According to legend, the city of Rome was founded in 753 BC on the banks of the Tiber. The island Isola Tiberina in the centre of Rome, between Trastevere and the ancient center, was the site of an important ancient ford and was later bridged. Legend says Rome's founders, the twin brothers Romulus and Remus, were abandoned on its waters, where they were rescued by the she-wolf, Lupa.
It is the third longest river in Italy; the Po, the longest. The Tiber flows 406 kilometres (252 mi) through Tuscany, Umbria and Lazio from the Apennines at Mount Fumaiolo through Rome and into the Tyrrhenian Sea at Ostia.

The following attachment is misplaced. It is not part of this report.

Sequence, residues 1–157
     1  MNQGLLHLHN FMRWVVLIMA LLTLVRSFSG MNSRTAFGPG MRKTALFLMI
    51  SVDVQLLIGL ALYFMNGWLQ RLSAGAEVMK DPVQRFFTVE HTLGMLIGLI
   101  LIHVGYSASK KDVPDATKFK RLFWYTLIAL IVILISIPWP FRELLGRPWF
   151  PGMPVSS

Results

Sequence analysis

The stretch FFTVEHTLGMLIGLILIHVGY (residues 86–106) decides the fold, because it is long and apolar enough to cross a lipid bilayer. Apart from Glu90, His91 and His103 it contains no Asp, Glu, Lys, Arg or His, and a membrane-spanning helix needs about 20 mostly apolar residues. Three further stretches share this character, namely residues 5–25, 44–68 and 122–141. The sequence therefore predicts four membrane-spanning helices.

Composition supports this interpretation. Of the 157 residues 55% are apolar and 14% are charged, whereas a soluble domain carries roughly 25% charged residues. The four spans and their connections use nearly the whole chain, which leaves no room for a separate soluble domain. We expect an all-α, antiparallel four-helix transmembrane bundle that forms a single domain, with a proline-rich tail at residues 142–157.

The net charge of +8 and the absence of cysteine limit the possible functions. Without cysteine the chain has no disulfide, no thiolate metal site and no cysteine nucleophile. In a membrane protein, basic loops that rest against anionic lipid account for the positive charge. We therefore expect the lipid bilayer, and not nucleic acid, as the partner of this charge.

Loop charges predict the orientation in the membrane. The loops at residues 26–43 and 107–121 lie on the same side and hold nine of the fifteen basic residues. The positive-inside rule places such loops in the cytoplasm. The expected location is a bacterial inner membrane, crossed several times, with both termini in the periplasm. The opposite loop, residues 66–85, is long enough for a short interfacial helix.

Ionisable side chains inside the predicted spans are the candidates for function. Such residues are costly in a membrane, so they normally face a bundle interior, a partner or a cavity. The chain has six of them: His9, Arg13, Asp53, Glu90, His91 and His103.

The city of Rome contains numerous famous bridges which cross the Tiber. The only bridge to remain unaltered until today from the classical age is Ponte dei Quattro Capi, which connects the Isola Tiberina with the left bank. The other surviving – albeit modified – ancient Roman bridges crossing the Tiber are Ponte Cestio, Ponte Sant'Angelo and Ponte Milvio.
According to the Encyclopædia Britannica, the finest ancient bridge remaining in Rome is the Ponte Sant'Angelo, which was completed in 135 AD, and was decorated with ten statues of the angels, designed by Bernini in 1688.